Equally inexplicable is the president’s apparent eagerness to negotiate with a legislative faction willing to hold the entire economy hostage — and one prepared to extort concessions in backroom deals that it could not achieve in any normal legislative process. Negotiating with fiscal terrorists only encourages them.
On National Public Radio last week, Rep. Tom Cole, a Republican deputy whip, was giddy about the potential for calamity. Asked if it was a mistake to try to cut spending by threatening the U.S. economy, Cole replied: “No, I don’t think so. Frankly, I think it’s one of the good things that’s come out of this. We’ll never have a debt-ceiling increase again without serious efforts to deal with the long-term spending.”
Whatever the terms of the eventual agreement, we know they will be remarkably cruel. As Robert Greenstein, the respected director of the Center on Budget and Policy Priorities, noted last week that every plan on the table now is far worse — cutting more from programs for the poor, exacting pain on the most vulnerable in our society — than anything Jim DeMint, the most extreme right-wing senator of all, was demanding last year.
The emerging compromise plans cut around $1 trillion over 10 years from programs such as schools, clean water, mass transit, clean energy and public health with no — zero — contributions from the wealthy or corporations through increased taxes or the closing of loopholes. They set up a congressional super-committee armed with expedited voting powers and with the explicit mandate to cut Social Security, Medicare and Medicaid.
It is astonishing how out of touch these plans are with what people seek in these tough times. The vast majority of Americans want Social Security and Medicare and Medicaid protected, not cut. A recent Washington Post-ABC News poll found that nearly three-fourths of Americans oppose cuts in Medicare. Majorities reject raising the eligibility age for Medicare or cutting the Social Security inflation rate, two reforms President Obama has apparently embraced. For Americans, the most popular reforms to deal with the deficit are increased taxes on those making more than $250,000 (72 percent), hedge fund operators, and oil and gas companies.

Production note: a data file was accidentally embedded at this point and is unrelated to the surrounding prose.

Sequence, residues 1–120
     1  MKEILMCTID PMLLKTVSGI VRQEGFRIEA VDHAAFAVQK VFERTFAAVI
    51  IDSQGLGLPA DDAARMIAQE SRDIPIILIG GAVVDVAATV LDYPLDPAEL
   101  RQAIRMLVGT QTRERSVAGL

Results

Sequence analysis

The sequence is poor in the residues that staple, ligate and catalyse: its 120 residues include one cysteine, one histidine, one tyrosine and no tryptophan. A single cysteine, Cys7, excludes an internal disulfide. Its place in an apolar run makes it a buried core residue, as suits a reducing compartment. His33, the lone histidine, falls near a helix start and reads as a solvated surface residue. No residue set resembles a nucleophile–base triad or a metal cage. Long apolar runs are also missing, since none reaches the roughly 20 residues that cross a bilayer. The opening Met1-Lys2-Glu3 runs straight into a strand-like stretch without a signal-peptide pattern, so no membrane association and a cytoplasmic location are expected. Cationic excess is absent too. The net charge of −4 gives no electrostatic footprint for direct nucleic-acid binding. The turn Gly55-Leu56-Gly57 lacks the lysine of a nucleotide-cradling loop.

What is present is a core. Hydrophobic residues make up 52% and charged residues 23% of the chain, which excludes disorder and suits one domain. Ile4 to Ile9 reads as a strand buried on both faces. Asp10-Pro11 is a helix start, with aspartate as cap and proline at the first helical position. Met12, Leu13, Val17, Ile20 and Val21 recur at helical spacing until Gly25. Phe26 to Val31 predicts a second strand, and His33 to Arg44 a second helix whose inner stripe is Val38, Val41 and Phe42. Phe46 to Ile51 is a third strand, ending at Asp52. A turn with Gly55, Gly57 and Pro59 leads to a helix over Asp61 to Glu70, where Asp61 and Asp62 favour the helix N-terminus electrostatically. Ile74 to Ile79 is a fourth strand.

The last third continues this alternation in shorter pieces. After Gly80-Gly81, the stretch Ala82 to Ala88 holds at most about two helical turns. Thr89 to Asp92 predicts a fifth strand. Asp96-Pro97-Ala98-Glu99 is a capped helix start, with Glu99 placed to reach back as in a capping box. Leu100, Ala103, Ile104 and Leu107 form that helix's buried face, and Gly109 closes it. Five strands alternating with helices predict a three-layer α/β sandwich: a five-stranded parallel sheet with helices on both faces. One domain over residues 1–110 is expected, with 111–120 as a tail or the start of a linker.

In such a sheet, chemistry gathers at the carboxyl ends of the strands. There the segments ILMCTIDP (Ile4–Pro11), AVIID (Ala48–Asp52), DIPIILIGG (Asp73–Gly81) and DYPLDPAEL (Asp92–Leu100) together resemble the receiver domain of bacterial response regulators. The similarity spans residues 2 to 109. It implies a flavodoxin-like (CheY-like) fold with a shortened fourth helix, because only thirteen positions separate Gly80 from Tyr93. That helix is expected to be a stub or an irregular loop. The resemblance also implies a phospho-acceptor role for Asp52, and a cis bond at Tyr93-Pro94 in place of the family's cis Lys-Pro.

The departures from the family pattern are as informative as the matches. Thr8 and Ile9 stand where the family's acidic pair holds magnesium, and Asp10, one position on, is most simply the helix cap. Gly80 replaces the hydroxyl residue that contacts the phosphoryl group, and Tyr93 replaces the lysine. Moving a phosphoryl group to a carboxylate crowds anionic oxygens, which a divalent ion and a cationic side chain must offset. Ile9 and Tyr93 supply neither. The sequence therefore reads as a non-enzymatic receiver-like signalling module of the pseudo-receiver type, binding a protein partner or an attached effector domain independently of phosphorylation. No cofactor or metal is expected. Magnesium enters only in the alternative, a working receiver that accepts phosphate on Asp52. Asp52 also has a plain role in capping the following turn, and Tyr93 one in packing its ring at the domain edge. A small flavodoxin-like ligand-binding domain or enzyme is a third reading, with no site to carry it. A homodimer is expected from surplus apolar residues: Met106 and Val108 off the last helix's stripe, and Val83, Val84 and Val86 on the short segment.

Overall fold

And Americans now better understand just whom Republicans represent. When asked to choose who cares more about defending the economic interests of different groups, Americans thought Republicans cared more than Obama about Wall Street financial institutions (59 percent to 26 percent) and large business corporations (67-24), while picking Obama as caring more about “you and your family” (47-37), small businesses (48-39) and middle-class Americans (53-35).
But after signing off on a skewed deal that targets Social Security and protects corporate tax havens, Democrats and the president will have a harder time convincing working Americans that they are on their side.That discontent is already seeping into Obama’s base. The same Post-ABC News poll showed the president’s poll numbers falling, even among liberals and African Americans — his most loyal backers. Only 31 percent of liberal Democrats expressed strong support for Obama’s record on jobs, a severe drop from 53 percent last year.
With the economy weakening, wages stagnant and families struggling, this bipartisan agreement will only stoke public anger. Certainly, the Gang of 12 on the congressional rump committee will hear the rage. Americans will not allow Social Security, Medicare and Medicaid to be cut without a fierce battle.
Already, various groups have come together to forge an American Dream Movement dedicated to challenging the corporate corruption of our politics, demanding that those who’ve done well do right by their country and fighting for the broad middle class. In recent weeks they’ve organized hundreds of demonstrations at congressional offices nationwide.
In the August recess, the heat legislators encounter back home won’t come from the weather alone. The Tea Party captured the populist anger in 2010, representing a small fraction of the population. In 2012, legislators in both parties may just encounter a populist uprising that represents an American majority.
Katrina vanden Heuvel is editor and publisher of the Nation magazine. She writes a weekly online column for The Post.